We all do it. We spend half our time worrying, wondering, trying to figure out what other people think about us, about what or how we’re doing. But after spending some time in the real world, there are a few things I’ve discovered I, or other people I know, worry about that very few people actually care about. Those things are as follows:
1. Whether you go out on the weekends.
Even though the Internet (and LD) has popularized “OMG Netflix/Pizza/no pants/hermit status,” it’s easy to feel like you’re doing something wrong when your Friday night Instagram feed is full of former college classmates out at semi-popular bars wearing trendy shirts and holding cheap drinks and tagging random emojis or inside jokes in the “Location” section while you’re sitting at home reading a book or watering your plants or whatever. It’s easy to feel like somewhere, somehow, the entirety of Instagram is judging you for not being out like those people and for just enjoying a quiet night alone. But guess what: The people that are out are doing their own thing and having a good time (or wishing they, too, were at home on the couch), and the people that aren’t out are too absorbed in “Orange is the New Black” to care. So chill out, keep watching reruns of “American Pickers” and just eat all the pepperonis off your pizza.
2. Whether people are seriously talking about the life choices you make.
Every twenty-something’s life is categorized by the making of sometimes absurdly large and important decisions: Graduate school? Post-doc studies? A year or two to study abroad? This job or that? Move home with Mom and Dad? Get married? Move in with my SO? Get a roommate or buckle down the budget? Which credit card? Credit card at all? Can I afford cable? What is the answer to the Question of Life, the Universe, and Everything? (OK, we know that one. It’s 42.) Those decisions are big and important and the people who care about you care about what you choose, but the majority of people you know are so absorbed in their own making of absurdly large and important decisions that they just don’t have that much time to devote to judging you for your choices. Sure, they may think about it for a few seconds when a life event pops up on their Facebook timeline, but chances are, when they’re back at their apartment that night, they’re making pro/con lists for why they should or should not go to that four-week cooking class in San Fran, not whether you took the entry-level job in Indianapolis or Baton Rouge. They’re just not.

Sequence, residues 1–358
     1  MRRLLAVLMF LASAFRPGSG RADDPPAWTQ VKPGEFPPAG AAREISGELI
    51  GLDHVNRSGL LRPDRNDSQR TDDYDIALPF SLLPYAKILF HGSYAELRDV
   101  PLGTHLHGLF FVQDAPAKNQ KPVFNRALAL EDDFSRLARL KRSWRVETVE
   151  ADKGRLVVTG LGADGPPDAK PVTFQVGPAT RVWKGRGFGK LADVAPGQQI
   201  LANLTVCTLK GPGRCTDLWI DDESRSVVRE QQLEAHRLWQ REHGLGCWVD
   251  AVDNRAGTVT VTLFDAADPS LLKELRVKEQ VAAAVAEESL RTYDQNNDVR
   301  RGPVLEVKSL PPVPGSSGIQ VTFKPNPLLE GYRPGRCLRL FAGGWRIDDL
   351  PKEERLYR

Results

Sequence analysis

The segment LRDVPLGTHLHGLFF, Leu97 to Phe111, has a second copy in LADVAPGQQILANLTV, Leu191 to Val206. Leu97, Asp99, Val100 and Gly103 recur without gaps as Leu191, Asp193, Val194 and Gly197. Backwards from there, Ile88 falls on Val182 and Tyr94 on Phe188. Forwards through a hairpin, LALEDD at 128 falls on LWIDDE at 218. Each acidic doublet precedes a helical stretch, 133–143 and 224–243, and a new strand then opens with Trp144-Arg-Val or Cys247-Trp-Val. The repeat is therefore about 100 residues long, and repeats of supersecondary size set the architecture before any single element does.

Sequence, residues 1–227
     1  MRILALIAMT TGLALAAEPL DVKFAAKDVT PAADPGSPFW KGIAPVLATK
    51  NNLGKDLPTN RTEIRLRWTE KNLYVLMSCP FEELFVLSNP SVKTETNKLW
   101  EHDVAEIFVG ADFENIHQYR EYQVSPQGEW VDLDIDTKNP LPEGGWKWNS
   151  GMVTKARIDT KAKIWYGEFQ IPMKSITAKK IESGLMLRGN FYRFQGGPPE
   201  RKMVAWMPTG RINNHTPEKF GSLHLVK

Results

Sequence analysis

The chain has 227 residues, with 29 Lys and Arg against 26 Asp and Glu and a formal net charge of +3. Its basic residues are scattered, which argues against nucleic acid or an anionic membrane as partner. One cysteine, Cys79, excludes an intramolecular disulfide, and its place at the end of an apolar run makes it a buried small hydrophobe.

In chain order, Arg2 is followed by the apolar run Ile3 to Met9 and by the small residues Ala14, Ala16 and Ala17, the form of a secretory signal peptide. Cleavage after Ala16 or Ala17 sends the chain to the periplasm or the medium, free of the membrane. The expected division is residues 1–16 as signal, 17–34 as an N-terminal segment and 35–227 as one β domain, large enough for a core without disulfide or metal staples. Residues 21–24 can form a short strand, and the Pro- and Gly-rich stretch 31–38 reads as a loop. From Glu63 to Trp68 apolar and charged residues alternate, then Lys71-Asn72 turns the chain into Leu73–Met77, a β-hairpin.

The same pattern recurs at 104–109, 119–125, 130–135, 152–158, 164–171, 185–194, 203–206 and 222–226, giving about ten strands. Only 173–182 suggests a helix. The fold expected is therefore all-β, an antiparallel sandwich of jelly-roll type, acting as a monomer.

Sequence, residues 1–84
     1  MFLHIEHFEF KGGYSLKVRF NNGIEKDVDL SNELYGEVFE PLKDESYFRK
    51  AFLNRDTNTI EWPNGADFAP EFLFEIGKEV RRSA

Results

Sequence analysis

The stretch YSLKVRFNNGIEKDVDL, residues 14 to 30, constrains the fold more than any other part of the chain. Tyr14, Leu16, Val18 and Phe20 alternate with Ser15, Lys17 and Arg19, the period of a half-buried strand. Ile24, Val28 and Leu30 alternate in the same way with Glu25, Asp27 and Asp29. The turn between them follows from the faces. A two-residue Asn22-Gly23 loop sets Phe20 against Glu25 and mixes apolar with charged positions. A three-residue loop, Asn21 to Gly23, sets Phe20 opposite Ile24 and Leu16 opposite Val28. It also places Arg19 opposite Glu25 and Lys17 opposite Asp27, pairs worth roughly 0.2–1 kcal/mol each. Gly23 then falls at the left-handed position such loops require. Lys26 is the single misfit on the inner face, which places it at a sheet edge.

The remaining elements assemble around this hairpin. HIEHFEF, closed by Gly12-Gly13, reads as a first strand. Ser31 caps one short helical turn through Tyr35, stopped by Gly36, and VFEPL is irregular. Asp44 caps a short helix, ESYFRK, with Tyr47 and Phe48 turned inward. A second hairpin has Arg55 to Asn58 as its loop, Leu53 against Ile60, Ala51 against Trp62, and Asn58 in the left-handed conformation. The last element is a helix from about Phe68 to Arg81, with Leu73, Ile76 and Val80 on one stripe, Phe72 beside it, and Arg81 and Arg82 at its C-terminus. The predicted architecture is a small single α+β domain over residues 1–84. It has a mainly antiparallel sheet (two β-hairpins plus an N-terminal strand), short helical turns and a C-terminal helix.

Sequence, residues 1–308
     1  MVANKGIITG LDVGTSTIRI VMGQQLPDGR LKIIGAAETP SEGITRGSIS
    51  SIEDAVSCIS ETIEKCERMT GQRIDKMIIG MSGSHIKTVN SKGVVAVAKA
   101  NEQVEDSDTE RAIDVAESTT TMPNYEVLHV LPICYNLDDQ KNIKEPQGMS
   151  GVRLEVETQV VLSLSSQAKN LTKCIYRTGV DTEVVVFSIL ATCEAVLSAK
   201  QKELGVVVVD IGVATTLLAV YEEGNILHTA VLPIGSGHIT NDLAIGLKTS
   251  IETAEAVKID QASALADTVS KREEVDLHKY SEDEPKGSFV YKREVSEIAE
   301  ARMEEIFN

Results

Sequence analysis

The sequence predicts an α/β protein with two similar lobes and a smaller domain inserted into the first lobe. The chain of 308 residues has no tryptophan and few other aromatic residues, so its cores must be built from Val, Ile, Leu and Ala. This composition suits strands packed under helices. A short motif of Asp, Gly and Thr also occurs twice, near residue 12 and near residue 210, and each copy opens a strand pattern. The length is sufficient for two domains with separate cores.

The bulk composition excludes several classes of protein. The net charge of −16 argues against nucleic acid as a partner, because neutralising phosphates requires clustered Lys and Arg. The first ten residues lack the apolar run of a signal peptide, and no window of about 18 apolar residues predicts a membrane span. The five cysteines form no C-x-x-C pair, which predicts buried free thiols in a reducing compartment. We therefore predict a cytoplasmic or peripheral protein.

3. Whether you’re repeating outfits on a semi-regular basis.
Getting up every day and getting dressed in professional or business casual clothes is possibly one of the worst transitional experiences for anyone to go through. Even if, when you were in college, you spent some time getting ready in the morning before you went to class, you could choose to wear jeans and a big sweater and boots and still look good. But now that you’re in a professional work environment, congratulations, you get to wear dress pants. And button-down shirts. And pencil skirts. And sensible shoes. And honestly, reinvesting in an entirely new wardrobe is not exactly cheap, so it’s easy to start with just the basics, and it makes sense you wouldn’t have tons of pieces your first few months or year on the job. Really, no one cares whether you’ve worn the same dress pants and pencil skirt twice in one week, trust. Everyone understands the pain of having to learn to get up at too early-o’clock and rush to the office. Just make sure you look put-together and that’s all anyone can ask of you.
4. Whether the Starbucks barista thinks you’re an amateur.
Some people love coffee. Some people just like it. Some people like coffee-ish things. Some people like coffee-flavored things. Some people want Chai or iced tea. Some people want hot chocolate or lemon water or a Frappucino that tastes nothing like coffee but still tastes like you imagine sliding hundreds into your wallet would feel. Your barista understands all of these things about the various kinds of people he/she serves each day, and while they may recognize you based on your frequency of drink purchases, they don’t go home every day and chuckle to themselves because “that one girl orders a six-pump skinny vanilla latte and that’s just way too many pumps for a good latte.” Just order your drink, hand them your cash or card, thank them for working really hard at a sometimes sucky job, and go wait for them to call your name.
5. Whether you use expensive or drugstore cosmetics.
If your makeup looks good, it looks good. If it doesn’t look good, it doesn’t look good. This isn’t the 10th grade; no one’s going to be rummaging around in your makeup bag judging you for not having their favorite shade of Bobbi Brown eye shadow or CHANEL lip gloss (lol, lip gloss). In fact, if you told someone, especially a fellow twenty-something woman, that you’d made the transition from Clinique to Neutrogena for your facewash and foundation and were enjoying it, chances are they’d applaud you for finding a way to save cash and then would probably ask you for a recommendation. Where your cosmetics came from is of no consequence if you apply them right and wear them well.
6. Whether you’re Mac or PC.
The Apple vs. Microsoft argument is one of the oldest debates of our generation, and when you were in undergrad, it might have been important to you or other people that you be seen with the best and nicest computer, and oftentimes that means a Mac. But guess what? You’re out in the real world now, and if you like the way a Dell or HP works compared to a Mac, then go buy a Dell or HP! If you want that Barnes and Noble Nook over an iPad Air, buy the Nook. You’ll be happier and the guy next to you at the coffee shop will be too absorbed in whatever he’s doing to care. It’s a win-win.
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